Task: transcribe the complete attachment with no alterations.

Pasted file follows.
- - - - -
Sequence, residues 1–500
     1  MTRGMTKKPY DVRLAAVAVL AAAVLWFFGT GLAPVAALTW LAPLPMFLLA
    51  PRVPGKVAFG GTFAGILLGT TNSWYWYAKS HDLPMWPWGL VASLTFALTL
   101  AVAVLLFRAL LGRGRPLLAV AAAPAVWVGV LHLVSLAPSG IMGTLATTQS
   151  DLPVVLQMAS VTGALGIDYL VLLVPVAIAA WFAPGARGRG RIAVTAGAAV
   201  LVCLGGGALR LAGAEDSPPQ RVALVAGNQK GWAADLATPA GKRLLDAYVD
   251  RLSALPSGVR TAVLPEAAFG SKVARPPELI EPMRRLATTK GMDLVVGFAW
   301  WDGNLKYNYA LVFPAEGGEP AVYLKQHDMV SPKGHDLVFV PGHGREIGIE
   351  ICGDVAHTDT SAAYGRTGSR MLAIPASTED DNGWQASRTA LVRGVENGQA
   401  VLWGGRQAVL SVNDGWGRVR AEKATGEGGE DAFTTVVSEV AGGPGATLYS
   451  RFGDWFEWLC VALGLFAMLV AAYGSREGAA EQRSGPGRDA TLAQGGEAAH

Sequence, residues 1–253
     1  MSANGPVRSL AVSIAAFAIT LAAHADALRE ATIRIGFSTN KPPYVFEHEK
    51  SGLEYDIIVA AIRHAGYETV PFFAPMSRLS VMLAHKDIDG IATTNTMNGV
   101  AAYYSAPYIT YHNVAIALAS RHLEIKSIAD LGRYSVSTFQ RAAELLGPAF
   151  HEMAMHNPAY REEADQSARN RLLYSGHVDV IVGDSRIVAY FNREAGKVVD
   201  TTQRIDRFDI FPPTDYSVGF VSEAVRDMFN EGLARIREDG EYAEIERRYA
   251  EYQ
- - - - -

Sequence, residues 1–500
     1  MTRGMTKKPY DVRLAAVAVL AAAVLWFFGT GLAPVAALTW LAPLPMFLLA
    51  PRVPGKVAFG GTFAGILLGT TNSWYWYAKS HDLPMWPWGL VASLTFALTL
   101  AVAVLLFRAL LGRGRPLLAV AAAPAVWVGV LHLVSLAPSG IMGTLATTQS
   151  DLPVVLQMAS VTGALGIDYL VLLVPVAIAA WFAPGARGRG RIAVTAGAAV
   201  LVCLGGGALR LAGAEDSPPQ RVALVAGNQK GWAADLATPA GKRLLDAYVD
   251  RLSALPSGVR TAVLPEAAFG SKVARPPELI EPMRRLATTK GMDLVVGFAW
   301  WDGNLKYNYA LVFPAEGGEP AVYLKQHDMV SPKGHDLVFV PGHGREIGIE
   351  ICGDVAHTDT SAAYGRTGSR MLAIPASTED DNGWQASRTA LVRGVENGQA
   401  VLWGGRQAVL SVNDGWGRVR AEKATGEGGE DAFTTVVSEV AGGPGATLYS
   451  RFGDWFEWLC VALGLFAMLV AAYGSREGAA EQRSGPGRDA TLAQGGEAAH

Sequence, residues 1–253
     1  MSANGPVRSL AVSIAAFAIT LAAHADALRE ATIRIGFSTN KPPYVFEHEK
    51  SGLEYDIIVA AIRHAGYETV PFFAPMSRLS VMLAHKDIDG IATTNTMNGV
   101  AAYYSAPYIT YHNVAIALAS RHLEIKSIAD LGRYSVSTFQ RAAELLGPAF
   151  HEMAMHNPAY REEADQSARN RLLYSGHVDV IVGDSRIVAY FNREAGKVVD
   201  TTQRIDRFDI FPPTDYSVGF VSEAVRDMFN EGLARIREDG EYAEIERRYA
   251  EYQ